They stopped at Dhaya anna’s thallu vandi. Dhaya was a veteran in these parts. He was a favourite of everybody, especially the children whom he used to engage in light hearted banter. What was his secret? How come children flocked to him and loved speaking with him? It was because he treated them with respect. Treated them as adults. Not condescendingly. But as equals. He was 24years old and sold roasted peanuts – vaer kadalai. Well, this wasn’t the only thing that he did. This was his evening time business. Why he did it? Just for the sheer pleasure for talking with the children. Of course he got fair dough by selling kadalai too.
Dhaya was the All in All Azhagu Raja of the locality. He was the newspaper boy in the morning. The errand boy for whole of Jambu Nagar during day time. The kadalai anna in the evening. And an expert cook in the night. Speaking of which, I forgot to mention that Dhaya also ran a Dosa and Roti shop. He cooked some of the best Dosas and Sabzis in the locality. And it was cooked and served hot – right in front of your eyes. This he did only post dusk, but well into the night.
Amit and Ravi bought a Re.1 worth of kadalai each, spoke with Dhaya anna about their match and how they very nearly won the match, but for the lapse by the goalky (this is enge ooru Goalie aka Goal Keeper) and then trudged off to their home smug with the satisfaction of having vented out their passion to an ardent listener.
Amit entered his house with the customary ‘Amma coffee’ shout. His thaatha was just getting ready for his evening walk. He liked his thaatha’s get up. A crisp white shirt, a flowing white veshti, a majestic looking angavasthram and a sturdy walking stick. His thaatha was an octogenarian but strong like an ox. He spoke to his thaatha about his match, about how he fared in his half yearly exams and about his English teacher who asked him to recite
As amma was bringing his his coffee and biscuits, he asked amma how come thaatha rattled off his dialogues so fluently. She replied, ‘Don’t forget that he was an English teacher and drama was his favourite hobby.’ Still, for Amit it remained a matter of immense curiosity, pride…and betrayal that his thaatha spoke the dialogues even before he could say what the dialogues were.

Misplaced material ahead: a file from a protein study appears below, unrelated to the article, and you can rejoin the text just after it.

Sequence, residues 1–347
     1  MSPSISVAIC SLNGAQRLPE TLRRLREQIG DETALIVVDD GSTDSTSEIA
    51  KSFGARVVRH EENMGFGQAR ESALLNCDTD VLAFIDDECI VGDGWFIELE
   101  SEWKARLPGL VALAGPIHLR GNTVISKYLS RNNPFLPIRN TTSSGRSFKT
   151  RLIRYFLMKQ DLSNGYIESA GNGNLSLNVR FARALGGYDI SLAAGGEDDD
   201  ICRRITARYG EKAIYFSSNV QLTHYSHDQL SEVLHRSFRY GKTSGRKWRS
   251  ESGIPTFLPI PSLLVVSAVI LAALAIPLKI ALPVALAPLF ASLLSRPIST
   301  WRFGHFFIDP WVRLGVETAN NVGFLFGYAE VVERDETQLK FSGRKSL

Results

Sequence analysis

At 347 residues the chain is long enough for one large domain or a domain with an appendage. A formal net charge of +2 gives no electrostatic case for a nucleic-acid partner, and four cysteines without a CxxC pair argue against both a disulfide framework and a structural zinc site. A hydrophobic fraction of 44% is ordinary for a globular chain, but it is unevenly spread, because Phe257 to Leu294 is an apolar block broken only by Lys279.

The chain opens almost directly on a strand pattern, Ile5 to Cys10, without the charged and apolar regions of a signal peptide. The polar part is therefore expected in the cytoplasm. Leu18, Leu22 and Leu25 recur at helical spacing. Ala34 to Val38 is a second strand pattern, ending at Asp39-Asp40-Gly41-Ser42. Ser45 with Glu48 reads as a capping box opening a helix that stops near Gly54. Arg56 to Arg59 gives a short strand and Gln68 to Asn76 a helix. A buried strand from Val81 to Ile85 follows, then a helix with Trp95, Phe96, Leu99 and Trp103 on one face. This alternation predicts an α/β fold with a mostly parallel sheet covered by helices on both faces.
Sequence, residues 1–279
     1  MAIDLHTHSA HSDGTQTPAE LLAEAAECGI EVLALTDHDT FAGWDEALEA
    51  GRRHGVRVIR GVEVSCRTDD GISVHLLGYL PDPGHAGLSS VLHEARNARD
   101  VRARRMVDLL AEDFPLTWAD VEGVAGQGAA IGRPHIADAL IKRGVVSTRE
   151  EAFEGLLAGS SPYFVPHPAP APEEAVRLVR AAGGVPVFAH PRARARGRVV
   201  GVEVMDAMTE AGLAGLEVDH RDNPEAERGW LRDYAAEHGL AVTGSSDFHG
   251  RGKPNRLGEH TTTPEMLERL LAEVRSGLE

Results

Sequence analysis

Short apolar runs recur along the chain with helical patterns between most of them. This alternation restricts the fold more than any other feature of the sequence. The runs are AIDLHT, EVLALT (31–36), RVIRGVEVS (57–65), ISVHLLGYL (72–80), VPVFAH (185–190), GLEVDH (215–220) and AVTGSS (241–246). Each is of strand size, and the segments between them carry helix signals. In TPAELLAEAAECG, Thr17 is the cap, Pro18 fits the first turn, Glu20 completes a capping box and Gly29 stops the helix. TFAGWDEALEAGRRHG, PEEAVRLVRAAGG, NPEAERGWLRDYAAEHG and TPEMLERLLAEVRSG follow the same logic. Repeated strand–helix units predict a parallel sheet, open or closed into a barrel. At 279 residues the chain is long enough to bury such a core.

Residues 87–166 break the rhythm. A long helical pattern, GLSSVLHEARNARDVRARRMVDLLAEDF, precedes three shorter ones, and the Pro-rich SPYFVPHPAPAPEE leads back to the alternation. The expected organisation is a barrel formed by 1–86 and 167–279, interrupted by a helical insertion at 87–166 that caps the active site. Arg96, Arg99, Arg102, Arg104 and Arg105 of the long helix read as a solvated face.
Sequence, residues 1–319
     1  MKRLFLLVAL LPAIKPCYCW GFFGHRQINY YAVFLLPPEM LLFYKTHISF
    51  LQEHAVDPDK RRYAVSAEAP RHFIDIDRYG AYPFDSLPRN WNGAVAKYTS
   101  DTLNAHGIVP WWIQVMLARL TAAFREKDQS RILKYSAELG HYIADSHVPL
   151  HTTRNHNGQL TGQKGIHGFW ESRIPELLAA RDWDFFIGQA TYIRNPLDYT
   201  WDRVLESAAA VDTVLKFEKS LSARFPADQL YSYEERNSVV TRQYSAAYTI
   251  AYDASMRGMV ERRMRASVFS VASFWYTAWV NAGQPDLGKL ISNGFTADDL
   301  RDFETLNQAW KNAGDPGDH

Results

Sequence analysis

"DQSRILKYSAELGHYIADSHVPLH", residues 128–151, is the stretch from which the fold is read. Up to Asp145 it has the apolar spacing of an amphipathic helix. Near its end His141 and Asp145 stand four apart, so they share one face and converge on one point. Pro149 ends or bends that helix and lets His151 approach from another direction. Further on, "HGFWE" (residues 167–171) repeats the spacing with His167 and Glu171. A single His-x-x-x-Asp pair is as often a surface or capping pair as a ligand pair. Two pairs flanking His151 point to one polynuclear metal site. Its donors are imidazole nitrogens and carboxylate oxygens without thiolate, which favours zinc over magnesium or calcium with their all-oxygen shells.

As he was watching the match between Kent and Essex being aired on the TV, suddenly the landscape changed to Swat Kats in Cartoon channel. It was then he realized that the ‘Sherni Khan’ had arrived. In came his sister Anu and in one graceful swoop took the remote from near Amit and changed the channel. This was followed by the usual sibling fight that is known to almost anybody and everybody who has had a sister with him. He couldn’t make her change the channel. He had to settle for SwatKats. But he had better things to do – eat his bowl of noodles that amma had prepared.
Anu too studied in the same school and was a year older to Amit. She was all that Amit hoped to become but couldn’t. Where she was the cynosure of all eyes for her genteelness and conduct, Amit was kept in the school only because he was Anu’s brother. Even the other day he had ‘accidentally’ beaten one teacher and was taken to the principal. And the salt to the injury (for Amit) was that Anu excelled in sports too. ‘Is there anything Anu can’t do’ wondered Amit. But then he was too much of a bumpkin to be worrying about this. The time span between the birth of a thought and its demise (within his head) was the least you could find in this world. Such was his span of attention. While this is not necessarily a good trait, it did help him to be happy.
As he was slurping his noodles, he blurted out – ‘Naa Dhaya anna aatum aaga poren’. ‘Yean da? Vaazhkai la urupadanum nu thonaleyaa?’ asked his amma.
Why was it that Dhaya, even though he was the favourite of everyone in the locality adults and children alike, was looked down upon by everyone? What was his story?